I agree with the goals of the Citizens Action Project ( in their efforts to bring Fairness, Accountability, and Transparency to the assessment practices within Lake County. The assessments on real property severely impact all homeowners. We need legislation that puts in place uniform, documented appraisal practices as well as oversight to ensure compliance to these documented practices.


You Can Help

We are a non-partisan, non-profit citizen advocacy group. That means we lobby for you. We will be tackling numerous public-interest issues in the future, but we will need your help. You can help yourself in two ways: Through your time or a donation. While you can't deduct your donation, we will tell you how we are going to spend it. We’ve racked up some bills to do the white paper and we hope to go forward. We need to cover expenses incurred in our non-profit registration (still in progress), printing and other services.

If you choose to donate, please send a check to Frank Mynard, treasurer, Citizens Action Project, PO Box 932, Grayslake, IL 60030.

As for your time, you can either volunteer -- all of our directors and officers currently donate their time -- or become a citizen lobbyist. We have some form letters on our website so that you can contact county and state officials. Let them know how you feel. We have some suggestions for changes. Keep watching our website for news and future developments.


Now for something completely different, well almost.

As if our new legislation weren't enough, we also heard an exciting new proposal from Ralph Martire, the executive director of the Chicago think tank Center for Tax and Budget Accountability. Martire's extensive presentation (I have copies and they are yours for the asking), covered the basic question of why state revenues aren't enough to adequately fund education and other essential services.

In Martire's view, although Illinois ranks fifth nationally with a gross state product of $600 billion -- greater than that of the single economies of Ireland, Sweden, Belgium, Greece, Portugal and Saudi Arabia -- it can't pony up enough money to meet its goals for education funding. Why? Because the state's revenues have not been keeping up with inflation-adjusted costs of running the government and education budgets.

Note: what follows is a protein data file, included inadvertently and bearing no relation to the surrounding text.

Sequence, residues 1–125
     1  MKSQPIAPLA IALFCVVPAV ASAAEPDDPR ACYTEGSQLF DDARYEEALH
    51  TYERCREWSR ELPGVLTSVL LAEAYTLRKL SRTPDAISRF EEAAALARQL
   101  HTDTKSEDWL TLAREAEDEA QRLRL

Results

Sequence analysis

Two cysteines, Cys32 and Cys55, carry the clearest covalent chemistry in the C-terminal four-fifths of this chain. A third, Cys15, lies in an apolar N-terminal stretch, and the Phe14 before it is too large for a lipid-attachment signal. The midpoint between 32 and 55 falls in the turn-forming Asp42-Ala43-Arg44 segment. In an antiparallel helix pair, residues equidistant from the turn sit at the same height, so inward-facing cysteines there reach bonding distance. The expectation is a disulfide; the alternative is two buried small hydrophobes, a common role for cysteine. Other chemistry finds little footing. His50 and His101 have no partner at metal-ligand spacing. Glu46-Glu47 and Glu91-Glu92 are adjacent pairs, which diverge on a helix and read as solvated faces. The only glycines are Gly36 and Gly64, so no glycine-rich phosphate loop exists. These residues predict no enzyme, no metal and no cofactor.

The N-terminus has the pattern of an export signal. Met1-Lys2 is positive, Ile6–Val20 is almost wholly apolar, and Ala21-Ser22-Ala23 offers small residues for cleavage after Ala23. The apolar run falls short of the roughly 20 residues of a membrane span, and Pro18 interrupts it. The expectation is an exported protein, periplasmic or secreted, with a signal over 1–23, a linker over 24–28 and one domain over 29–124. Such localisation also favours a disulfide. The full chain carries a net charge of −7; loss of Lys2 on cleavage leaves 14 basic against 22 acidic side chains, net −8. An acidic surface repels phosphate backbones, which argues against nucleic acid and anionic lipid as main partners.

What about the lottery and gambling revenues? They have been going into education coffers, but they were intended as a supplement, so the base revenues that were supplanted by gaming funds were not replaced.

Don't we endure high taxes as it is? Not really. Illinois' total tax burden, which includes local and state taxes, is 45th in the nation. It's the second-lowest tax burden in the Midwest. As you know, several states have been struggling with reforming taxation. Florida, Texas and New Jersey have all either enacted or considered major reform legislation.

Martire's proposal is contained in Senate Bill 750. It would make the state income tax more progressive. As a result, schools would get more than $600 million and there would be property-tax rebates for a portion of school levies on your tax bill.

There's much to discuss in this bill. On its surface, it's a tax swap, shifting the burden from local taxpayers to those with an ability to pay statewide. So instead of a "flat" state income tax, it would rise from 3% to 5%, a rate that would still place Illinois in the lower tier of state income taxation. Lower-income households would receive a tax credit.

Local funding for education would increase and things like the unfunded liability for the state pension funds would be paid off over several years.

While it's too soon to tell whether this bill has traction, it's innovative and controversial. Nevertheless, it's time to begin the dialogue. Study it yourself. Go to for more details. Let your elected representatives know what you think.